It’s Fall – my favorite season. Which means Halloween is just around the corner.
I’m heading to Europe here for a business trip that will take me through Paris. While looking into things to do, I found out about this theater. It was located in the Pigalle area of Paris (20 bis, rue Chaptal). From its opening in 1897 until its closing in 1962, and specialized in naturalistic horror shows. Its had live staged graphic, amoral horror entertainment, a genre popular from Elizabethan and Jacobean theater (other examples include Shakespeare’s Titus Andronicus, and Webster’s The Duchess of Malfi and The White Devil). Today, we might call them splatter films. While it was always staged horror, the “special effects” would sometimes be too realistic and it was reported audience member would faint or vomit during performances. It was said the ‘success’ of the show was rated by how many people fainted.
It didn’t help that the building was an old chapel. The Gothic interior added to the ambiance. Here were some of the plays for example:
Le Laboratoire des Hallucinations, by André de Lorde: When a doctor finds his wife’s lover in his operating room, he performs a graphic brain surgery, rendering the adulterer a hallucinating semi-zombie. Now insane, the lover/patient hammers a chisel into the doctor’s brain
Un Crime dans une Maison de Fous, by André de Lorde: Two hags in an insane asylum use scissors to blind a pretty, young fellow inmate out of jealousy
L’Horrible Passion, by André de Lorde: A nanny strangles the children in her care
Le Baiser dans la Nuit, by Maurice Level: A young woman visits the man whose face she horribly disfigured with acid, where he obtains his revenge
It’s interesting that it waned in the years following World War II then closed in 1962. Management attributed the closure in part to the fact that the theater’s faux horrors had been eclipsed by the actual events of WW II two decades earlier. Apparently people had their fill of realistic horrors.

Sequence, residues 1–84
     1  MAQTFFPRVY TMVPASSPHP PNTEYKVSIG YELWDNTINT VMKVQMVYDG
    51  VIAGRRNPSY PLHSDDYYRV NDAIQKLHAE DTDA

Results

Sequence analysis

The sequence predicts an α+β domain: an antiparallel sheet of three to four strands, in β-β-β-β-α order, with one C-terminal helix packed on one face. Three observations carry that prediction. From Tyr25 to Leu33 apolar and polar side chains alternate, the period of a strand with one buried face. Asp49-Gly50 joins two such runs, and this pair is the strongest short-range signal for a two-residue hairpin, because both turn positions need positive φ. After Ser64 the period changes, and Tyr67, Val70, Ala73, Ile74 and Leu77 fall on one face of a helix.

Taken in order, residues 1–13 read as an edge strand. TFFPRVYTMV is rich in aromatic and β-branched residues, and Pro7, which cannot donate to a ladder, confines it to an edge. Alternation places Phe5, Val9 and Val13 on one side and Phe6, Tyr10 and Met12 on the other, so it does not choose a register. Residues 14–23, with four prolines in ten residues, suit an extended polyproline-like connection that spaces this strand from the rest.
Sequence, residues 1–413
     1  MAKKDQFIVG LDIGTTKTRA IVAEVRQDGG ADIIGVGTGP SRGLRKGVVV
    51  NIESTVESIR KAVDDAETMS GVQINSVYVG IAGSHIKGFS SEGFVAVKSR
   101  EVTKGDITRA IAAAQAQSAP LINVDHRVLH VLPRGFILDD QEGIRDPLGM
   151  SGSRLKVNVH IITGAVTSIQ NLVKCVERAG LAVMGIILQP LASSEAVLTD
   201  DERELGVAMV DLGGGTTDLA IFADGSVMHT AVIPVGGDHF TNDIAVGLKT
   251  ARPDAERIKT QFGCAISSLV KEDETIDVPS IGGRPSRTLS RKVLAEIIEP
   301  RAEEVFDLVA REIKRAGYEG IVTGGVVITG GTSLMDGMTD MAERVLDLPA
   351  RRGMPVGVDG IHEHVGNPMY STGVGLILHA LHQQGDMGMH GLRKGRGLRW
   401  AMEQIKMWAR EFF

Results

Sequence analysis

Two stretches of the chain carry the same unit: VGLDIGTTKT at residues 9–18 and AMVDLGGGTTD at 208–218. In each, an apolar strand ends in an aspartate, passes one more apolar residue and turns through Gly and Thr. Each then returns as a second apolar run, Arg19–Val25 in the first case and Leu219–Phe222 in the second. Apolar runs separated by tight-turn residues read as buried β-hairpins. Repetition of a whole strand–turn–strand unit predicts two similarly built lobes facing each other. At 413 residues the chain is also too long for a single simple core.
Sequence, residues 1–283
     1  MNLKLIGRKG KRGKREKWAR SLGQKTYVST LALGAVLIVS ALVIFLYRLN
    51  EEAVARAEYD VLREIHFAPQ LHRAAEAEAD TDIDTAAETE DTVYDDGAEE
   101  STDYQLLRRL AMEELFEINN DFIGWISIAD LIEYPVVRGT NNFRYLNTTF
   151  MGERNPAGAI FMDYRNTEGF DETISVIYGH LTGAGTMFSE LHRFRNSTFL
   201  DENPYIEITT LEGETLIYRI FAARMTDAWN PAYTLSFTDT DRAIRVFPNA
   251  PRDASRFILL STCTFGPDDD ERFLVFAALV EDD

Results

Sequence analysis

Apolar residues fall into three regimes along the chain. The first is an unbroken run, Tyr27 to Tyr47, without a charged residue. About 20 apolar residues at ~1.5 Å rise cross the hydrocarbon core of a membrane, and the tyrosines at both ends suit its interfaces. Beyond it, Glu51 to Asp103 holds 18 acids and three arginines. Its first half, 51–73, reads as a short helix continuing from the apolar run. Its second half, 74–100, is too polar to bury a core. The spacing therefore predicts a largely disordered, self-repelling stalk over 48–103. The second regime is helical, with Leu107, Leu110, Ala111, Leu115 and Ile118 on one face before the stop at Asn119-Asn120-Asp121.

I’ve mentioned this phenomenon before – but the BBC did a small documentary on it.
Hundreds of thousands of young men are turning their backs entirely on society and real life. They are choosing instead to lock themselves away, usually in their bedrooms, for years. They literally enter their rooms and refuse to leave. The phenomenon is called hikikomori in Japanese and it literally means ‘to withdraw from society’.
Most of the sufferers of this condition live in the suburbs that surround Japan’s major cities. Recent surveys show that the majority are male and usually the first-born child. There are many stories of young men who give up on society. Some seem to be unable to handle academic or job pressure, others simply got fed up of people and still others do it out of fear of not being good enough and anxiety about their future.
Japanese teens are growing up under an overwhelming amount of technology, which seems to have replaced the inherent human experience, making teens handicapped when it comes to communicating honestly and openly with other people.
After a few years, some hikikomori victims recover enough to re-enter society. Another young man who spent three years as a recluse is now a counselor working with a support group for parents. In Japan it takes parents up to four years of not seeing their child before they seek outside help.
We are far greater than the limitations of our bodies. It’s moments like this that show our transcendent natures…
Christy Keane’s daughter Charly was born deaf. She’s still an infant, but recently got hearing aids. We’ve seen older children and adults get emotional when they hear sound for the first time, but Charly is so young, she doesn’t understand what’s happening or how to react. Her facial expressions are precious.
Compare these reactions of Charly and a 29 year old:
The double pendulum problem is kind of a historical/mathematical marvel. It is very easy to predict the motion of a common, everyday clock pendulum that swings back and forth; but add another pendulum at the end of that, and the complexity shoots through the roof in the most unexpected ways. It puzzled early mathematicians for years.
The system begins to exhibit chaotic motion, and the mathematics needed to solve the motion goes from simple polynomial math to Lagrange differential equations requiring a full college program of Calculus to solve. Here’s a full solution write-up.
Solving is one problem, but making something useful out of it is even more impressive. Here are two robots that can balance not only a double pendulum, but a triple! One application would be to have self-parking and skid-controllable multi-trailer semis. There are probably many more.
If the original double-pendulum mathematicians could see this, they would consider is sorcery. If you’ve ever tried to balance a broom on your hand, you should also marvel:
Cable robots are capable of some extremely fast and ultra-precise movements. They also scale to large sizes better than articulated ones. Check out the extremely fast and precise movement of this system:
Or large scale capable of carrying a human:
They also can be used for haptic feedback systems: